Should we still be concerned about suicide prevention planning for schools?
Of course we should. Especially now, when children are cut off from their peers, daily routines have abruptly ended, and school has shifted to a virtual setting.
Teachers are still teaching lessons, and kids still have assignments. Homework too!
Think about it. If a student was suffering from mental illness or exhibited other risk factors before their world turned upside down, would those issues suddenly vanish? Probably not.
What can schools do to identify and help those children? The same things you would have done before.
Pay attention to the signs. These are red flags if they persist for two weeks or more:
Being isolated, increased anxiety, feeling trapped or in pain, increased substance use, access to lethal means, anger, rage, mood swings, hopelessness, sleeping too little or too much, talking or posting about wanting to die, and making plans for suicide.
Reach out. Ask students if they are okay. Listen. Acknowledge their feelings. Encourage them to ask for help. Just show you care. Even though you can’t be physically present, you can be a text message or phone call away.
Some students may benefit from learning self-calming strategies. Some need to disconnect from social media for a while, although others may need the support of social contact with their friends more than ever.
If you believe a child may be at risk, take action.
You do not need to solve all of their problems – just engage them. Some questions to ask:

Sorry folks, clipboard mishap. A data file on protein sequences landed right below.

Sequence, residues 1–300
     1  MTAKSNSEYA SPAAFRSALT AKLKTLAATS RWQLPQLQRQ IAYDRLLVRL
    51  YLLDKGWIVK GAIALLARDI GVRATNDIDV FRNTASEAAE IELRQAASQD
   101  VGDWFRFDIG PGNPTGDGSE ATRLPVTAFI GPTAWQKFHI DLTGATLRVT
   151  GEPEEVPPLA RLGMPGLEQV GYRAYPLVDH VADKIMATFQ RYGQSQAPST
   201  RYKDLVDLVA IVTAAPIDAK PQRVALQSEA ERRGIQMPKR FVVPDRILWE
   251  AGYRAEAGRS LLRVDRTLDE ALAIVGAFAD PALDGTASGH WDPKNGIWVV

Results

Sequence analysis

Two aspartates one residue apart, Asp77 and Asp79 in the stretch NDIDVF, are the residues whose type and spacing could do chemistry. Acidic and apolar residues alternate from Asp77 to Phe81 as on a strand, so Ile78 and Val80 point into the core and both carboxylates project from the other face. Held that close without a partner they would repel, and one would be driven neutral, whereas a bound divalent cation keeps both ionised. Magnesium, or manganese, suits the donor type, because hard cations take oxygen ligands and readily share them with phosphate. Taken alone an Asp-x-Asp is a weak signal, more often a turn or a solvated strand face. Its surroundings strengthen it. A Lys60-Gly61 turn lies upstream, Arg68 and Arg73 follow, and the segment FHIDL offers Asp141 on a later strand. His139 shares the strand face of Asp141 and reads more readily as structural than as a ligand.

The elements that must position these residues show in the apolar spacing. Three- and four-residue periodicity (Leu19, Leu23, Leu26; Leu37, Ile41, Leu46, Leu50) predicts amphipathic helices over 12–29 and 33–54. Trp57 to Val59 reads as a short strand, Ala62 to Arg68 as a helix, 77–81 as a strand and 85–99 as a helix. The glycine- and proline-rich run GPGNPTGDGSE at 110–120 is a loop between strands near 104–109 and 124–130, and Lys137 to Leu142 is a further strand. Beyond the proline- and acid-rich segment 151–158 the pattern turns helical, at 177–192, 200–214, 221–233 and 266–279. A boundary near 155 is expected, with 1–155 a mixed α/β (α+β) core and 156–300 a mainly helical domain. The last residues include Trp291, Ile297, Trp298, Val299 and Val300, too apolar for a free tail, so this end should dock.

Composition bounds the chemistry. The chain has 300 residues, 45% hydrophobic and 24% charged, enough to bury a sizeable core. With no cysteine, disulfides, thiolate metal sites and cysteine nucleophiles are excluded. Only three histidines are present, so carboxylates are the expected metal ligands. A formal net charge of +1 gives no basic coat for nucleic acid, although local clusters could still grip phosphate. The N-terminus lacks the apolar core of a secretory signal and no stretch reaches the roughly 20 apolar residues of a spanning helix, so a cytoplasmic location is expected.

Are you thinking about suicide?
What thoughts or plans do you have?
How long have you been thinking about suicide?
Have you thought about how you would do it?
Do you have __? (Insert the lethal means they have mentioned)
Do you really want to die? Or do you want the pain to go away?
Stay connected and provide contact information for the suicide prevention lifeline and crisis text line. Notify parents right away. If you are a teacher, contact your school counselor or social worker to get them involved and let them take it from there. Stay in touch with the student, but let the counselors and social workers do what they’re trained to do.
National Suicide Prevention Lifeline call 1-800-273-8255
What is going on at home?
Counselors , social workers, and teachers are well aware of the toll this epidemic is taking on our children. Not just the school closures, but everything else that is happening to their families. Many children may be fortunate enough to have parents who are still working, earning enough to keep food on the table, and able to juggle homeschooling with their own responsibilities. Some parents are frustrated with having to supervise children while trying to work from home. Others may be in situations where job loss and stress have pushed them beyond control, resulting in increased domestic violence and child abuse. It’s hard to imagine how those children are coping without the refuge of a safe school environment.
Because of the challenges children are facing this spring, some educators are considering redesigning summer programs to focus primarily on social-emotional learning rather than academic skills. What ideas do you have that might help children continue to learn during these trying times? Please share them here!
A Culture of Caring: A Suicide Prevention Guide for Schools (K-12) was created as a resource for educators who want to know how to get started and what steps to take to create a suicide prevention plan that will work for their schools and districts. It is written from my perspective as a school principal and survivor of suicide loss, not an expert in psychology or counseling. I hope that any teacher, school counselor, psychologist, principal, or district administrator can pick up this book, flip to a chapter, and easily find helpful answers to the questions they are likely to have about what schools can do to prevent suicide.